Microsoft appears set on getting into the social space, whether by owning it or facilitating it. It’s kind of like “let someone else build it and if they come we’ll go get them and invite them over.” Now it appears they are going for the Mall approach, rather than the franchise or leveraged buyout approach. Or at least, so it seems.
In a prior post, we noted Google’s opening the cross-platform communications mode with OpenSocial, and the many developers working on an aggregator for users. Could this latest venture serve as an aggregator not just for individual profiles, but also one for groups? We are still looking for a mobile solution, too . . . waiting to be invited to participate in the mashup of Dashwire and ProfileLinker!
Microsoft is working with Facebook, Bebo, Hi5, Tagged and LinkedIn to create a safe, secure “two-way street” so we can move our profiles and relationships between social networking sites. It’s a little late for that, isn’t it? How ’bout something that will synchronize what we have, or maybe even a business and personal profile, with by-individual or by-group access? We’ve already copy-pasted our “About Me” and a variety of likes and quotes and . . . What happened to the Open Social adventure that Facebook was avoiding making a commitment to?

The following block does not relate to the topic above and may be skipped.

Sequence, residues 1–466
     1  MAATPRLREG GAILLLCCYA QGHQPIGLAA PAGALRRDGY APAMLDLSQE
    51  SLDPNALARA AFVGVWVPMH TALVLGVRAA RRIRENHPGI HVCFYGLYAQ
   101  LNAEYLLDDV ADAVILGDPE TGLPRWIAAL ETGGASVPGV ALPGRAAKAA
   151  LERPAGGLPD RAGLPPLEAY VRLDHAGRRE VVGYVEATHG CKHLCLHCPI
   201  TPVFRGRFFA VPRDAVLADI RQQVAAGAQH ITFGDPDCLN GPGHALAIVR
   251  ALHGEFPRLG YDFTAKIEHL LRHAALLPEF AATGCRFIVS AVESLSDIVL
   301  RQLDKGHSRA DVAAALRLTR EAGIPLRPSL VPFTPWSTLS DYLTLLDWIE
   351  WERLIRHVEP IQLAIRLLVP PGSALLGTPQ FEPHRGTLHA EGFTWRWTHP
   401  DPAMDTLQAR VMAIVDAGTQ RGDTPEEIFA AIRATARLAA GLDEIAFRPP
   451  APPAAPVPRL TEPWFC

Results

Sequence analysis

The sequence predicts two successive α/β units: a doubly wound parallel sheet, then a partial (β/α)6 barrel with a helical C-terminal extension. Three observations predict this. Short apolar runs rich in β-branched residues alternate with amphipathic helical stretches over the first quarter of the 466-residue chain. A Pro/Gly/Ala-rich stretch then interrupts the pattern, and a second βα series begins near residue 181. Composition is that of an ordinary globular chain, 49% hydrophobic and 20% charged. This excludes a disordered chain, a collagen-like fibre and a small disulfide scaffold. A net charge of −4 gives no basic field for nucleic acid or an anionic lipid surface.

Microsoft has been using SharePoint, with support for wikis, blogs and RSS feeds, with privacy and security so everyone can feel secure, for enterprise social networking, but now they are going after those who aren’t connected by their internal company relationships. And they are proposing that we help them by using Windows Live Messenger to connect with Facebook (available now), Bebo, LinkedIn, Hi5 and Tagged (coming soon). The strategy starts with inviting your friends and connections to connect on Windows Live Messenger (not sounding a lot like portability here — I am thinking “import from”).
So I tried the only currently available option — Facebook. A login to Facebook screen (with Windows Live logo but a Facebook URL) popped up, and the first try on login failed (hmmm, a phishing site?). But the next screen had the Facebook logo, and it logged me in just fine. I didn’t however, see where I could add anyone to an invite list, so . . . I gave up and started blogging.
I was using MS Internet Explorer on XP on a Dell, so maybe that’s what the problem was. Next time I find myself with nothing to do but beta-test for Microsoft, perhaps I will try Firefox on Leopard on a Mac.
I’m not sure that this will be a profitable venture for Microsoft, but it’s worth a try. We know that owning a centrally located piece of real estate and inviting big names to stake their claim there has worked in the real world in the past. Microsoft has shown their ability in Web 1.0 to make money, and it’s apparent that no one in social networking has figured out how to do that yet . . .
So we’ll just keep beta testing while Microsoft keeps building . . .
Note that when I recently installed FriendFeed and Twitter on Facebook, it went off without a hitch. They obviously aren’t related to Microsoft.
What do you think?